Monday, October 15, 2012

Halloween Safety Tips

Courtesy of

Halloween can be a fun time for many people. Children and parents often like to dress up in costumes and especially enjoy getting treats from neighbors. Keep in mind, however, that taking to the streets in costumes and masks and eating all that candy can pose potential safety hazards and health risks.

Here are some suggestions from the pediatric nursing staff at MassGeneral Hospital for Children to help keep your trick or treating safe and your holiday trouble free


  • All costumes should be flame retardant
  • Costumes should be short enough to prevent the risk of tripping when walking or climbing stairs. Don't forget that "tails" can trip kids too
  • Choose a light colored costume or decorate the outfit with reflective tape to ensure visibility to motorists
  • Children should wear rubber soled shoes or sneakers – NO high heels
  • Do not use costumes or masks that cover the eye area. Use face paint instead
  • Children should not carry pointed or hard objects. Swords and devil's forks should be made from soft materials
  • Have children carry small flashlights to keep themselves visible
  • Temperature appropriate clothing should be worn under costumes


  • Before going out to trick or treat, set the ground rules with children. Make a plan to complete homework before trick or treating, and set expectations about how much candy they will be allowed to eat that night
  • Remind children that they should not eat candy that is unwrapped and that all candy should be examined by an adult before opening
  • Younger children should not be given hard candy or chewy candy as it poses a choking hazard

Trick or Treating

  • An adult should always accompany small children. It's also best to have them go out early, before dark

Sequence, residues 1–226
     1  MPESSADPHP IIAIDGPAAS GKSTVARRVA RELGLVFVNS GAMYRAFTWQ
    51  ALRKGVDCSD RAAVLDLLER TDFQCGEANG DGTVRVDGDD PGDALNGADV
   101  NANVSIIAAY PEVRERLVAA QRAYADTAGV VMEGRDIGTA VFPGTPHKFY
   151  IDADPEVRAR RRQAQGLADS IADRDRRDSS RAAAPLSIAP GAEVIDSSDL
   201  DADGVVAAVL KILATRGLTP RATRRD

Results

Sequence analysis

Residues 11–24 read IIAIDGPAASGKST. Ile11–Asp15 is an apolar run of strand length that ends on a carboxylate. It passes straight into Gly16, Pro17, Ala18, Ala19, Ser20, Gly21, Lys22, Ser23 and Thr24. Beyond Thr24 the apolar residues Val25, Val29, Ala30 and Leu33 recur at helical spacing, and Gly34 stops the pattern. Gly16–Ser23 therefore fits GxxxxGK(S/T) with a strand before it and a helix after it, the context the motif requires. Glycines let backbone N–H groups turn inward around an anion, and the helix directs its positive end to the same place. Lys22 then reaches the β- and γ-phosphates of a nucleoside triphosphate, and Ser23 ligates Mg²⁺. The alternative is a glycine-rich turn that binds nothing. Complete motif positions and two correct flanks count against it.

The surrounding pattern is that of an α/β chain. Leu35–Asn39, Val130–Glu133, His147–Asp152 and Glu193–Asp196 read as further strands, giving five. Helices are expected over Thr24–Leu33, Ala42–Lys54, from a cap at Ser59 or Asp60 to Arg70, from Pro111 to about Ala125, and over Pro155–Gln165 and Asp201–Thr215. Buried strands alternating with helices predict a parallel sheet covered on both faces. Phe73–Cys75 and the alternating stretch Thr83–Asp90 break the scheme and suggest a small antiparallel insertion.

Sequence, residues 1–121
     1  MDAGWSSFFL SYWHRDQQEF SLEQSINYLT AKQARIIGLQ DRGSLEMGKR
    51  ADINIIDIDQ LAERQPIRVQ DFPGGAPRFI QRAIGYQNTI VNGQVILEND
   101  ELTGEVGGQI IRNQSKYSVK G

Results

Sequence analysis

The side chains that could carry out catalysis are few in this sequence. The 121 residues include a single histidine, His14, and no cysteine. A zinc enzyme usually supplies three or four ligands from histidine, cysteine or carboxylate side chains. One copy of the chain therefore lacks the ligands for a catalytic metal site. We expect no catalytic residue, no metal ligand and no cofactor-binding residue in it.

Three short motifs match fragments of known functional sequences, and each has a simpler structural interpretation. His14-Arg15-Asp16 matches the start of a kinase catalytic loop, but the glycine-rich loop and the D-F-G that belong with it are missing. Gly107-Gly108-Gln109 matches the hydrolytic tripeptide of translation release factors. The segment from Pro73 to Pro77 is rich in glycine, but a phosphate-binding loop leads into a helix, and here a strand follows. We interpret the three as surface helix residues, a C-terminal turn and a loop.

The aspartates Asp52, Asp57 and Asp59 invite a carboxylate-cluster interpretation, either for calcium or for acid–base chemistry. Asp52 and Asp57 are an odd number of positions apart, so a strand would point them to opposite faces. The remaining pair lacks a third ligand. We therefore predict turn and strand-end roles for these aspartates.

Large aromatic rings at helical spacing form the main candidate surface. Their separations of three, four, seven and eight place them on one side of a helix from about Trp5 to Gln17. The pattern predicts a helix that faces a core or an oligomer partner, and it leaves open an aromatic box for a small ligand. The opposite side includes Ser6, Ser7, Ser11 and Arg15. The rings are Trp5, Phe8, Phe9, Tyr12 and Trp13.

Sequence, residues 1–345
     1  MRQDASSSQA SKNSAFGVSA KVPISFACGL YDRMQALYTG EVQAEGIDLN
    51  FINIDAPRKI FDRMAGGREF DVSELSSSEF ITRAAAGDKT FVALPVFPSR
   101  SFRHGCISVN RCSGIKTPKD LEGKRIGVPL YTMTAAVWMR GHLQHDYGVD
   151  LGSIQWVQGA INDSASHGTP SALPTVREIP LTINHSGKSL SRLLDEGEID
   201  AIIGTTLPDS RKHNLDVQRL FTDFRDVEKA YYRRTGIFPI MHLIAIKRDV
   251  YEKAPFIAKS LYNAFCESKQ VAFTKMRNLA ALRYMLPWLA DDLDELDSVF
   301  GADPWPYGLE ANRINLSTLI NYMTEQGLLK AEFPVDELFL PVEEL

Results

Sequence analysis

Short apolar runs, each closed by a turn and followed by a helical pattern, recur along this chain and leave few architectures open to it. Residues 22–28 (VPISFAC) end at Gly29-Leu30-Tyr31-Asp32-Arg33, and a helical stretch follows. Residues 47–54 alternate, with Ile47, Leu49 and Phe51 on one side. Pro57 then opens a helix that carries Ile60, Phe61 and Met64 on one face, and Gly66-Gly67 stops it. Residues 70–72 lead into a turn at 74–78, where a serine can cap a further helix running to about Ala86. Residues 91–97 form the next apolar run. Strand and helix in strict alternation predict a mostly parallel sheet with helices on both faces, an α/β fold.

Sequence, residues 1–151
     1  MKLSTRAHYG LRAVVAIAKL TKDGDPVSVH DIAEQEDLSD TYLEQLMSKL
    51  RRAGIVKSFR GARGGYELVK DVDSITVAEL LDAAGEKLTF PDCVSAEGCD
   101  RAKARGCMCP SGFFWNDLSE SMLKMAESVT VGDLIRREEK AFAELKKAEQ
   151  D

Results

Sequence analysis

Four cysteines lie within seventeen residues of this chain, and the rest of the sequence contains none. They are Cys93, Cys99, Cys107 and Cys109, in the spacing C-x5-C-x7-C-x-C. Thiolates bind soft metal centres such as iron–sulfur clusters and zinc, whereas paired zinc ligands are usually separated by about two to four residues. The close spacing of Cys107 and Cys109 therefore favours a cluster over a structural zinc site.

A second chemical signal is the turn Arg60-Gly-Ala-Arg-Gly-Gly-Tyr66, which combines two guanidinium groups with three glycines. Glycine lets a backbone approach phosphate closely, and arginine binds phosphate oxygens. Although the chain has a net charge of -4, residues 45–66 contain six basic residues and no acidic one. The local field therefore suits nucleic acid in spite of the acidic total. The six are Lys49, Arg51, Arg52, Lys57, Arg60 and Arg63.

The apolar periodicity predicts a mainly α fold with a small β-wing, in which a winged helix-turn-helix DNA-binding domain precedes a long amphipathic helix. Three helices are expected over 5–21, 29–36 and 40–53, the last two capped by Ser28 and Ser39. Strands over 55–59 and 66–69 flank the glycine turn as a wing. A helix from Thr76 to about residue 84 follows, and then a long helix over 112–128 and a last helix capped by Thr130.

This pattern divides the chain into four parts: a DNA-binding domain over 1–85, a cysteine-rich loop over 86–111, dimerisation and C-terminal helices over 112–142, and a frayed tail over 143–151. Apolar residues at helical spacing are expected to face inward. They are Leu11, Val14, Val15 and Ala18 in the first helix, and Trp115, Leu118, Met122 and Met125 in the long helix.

• Talk to younger children about what they may see while out. Some costumes can be quite scary!
  • Older children who are going out without adult supervision should be given strict ground rules:
    • Stay in a group
    • Visit only neighborhoods you know
    • Set a time to be home, and make sure they have a watch
    • Give them a cell phone for emergency
  • Use sidewalks, cover one side of the street at a time, and cross only at corners and crosswalks
  • Never go inside anyone's house that is not known to the family
  • Never accept a ride in a car from a stranger
  • Only go to houses that are well lit and welcoming

Receiving Trick or Treaters

  • When decorating, only use flame retardant materials
  • Keep dried leaves and cornstalks away from any heat source
  • Do not use candles to light your pumpkins. Small flash lights will work
  • Make certain your home and front yard are well lighted and there is a clear path where children and parents may approach
  • Keep the area around the door free of bicycles, rakes, lawn furniture, and other tripping hazards
  • Treats don’t necessarily need to be candy – offer stickers or other non-food items

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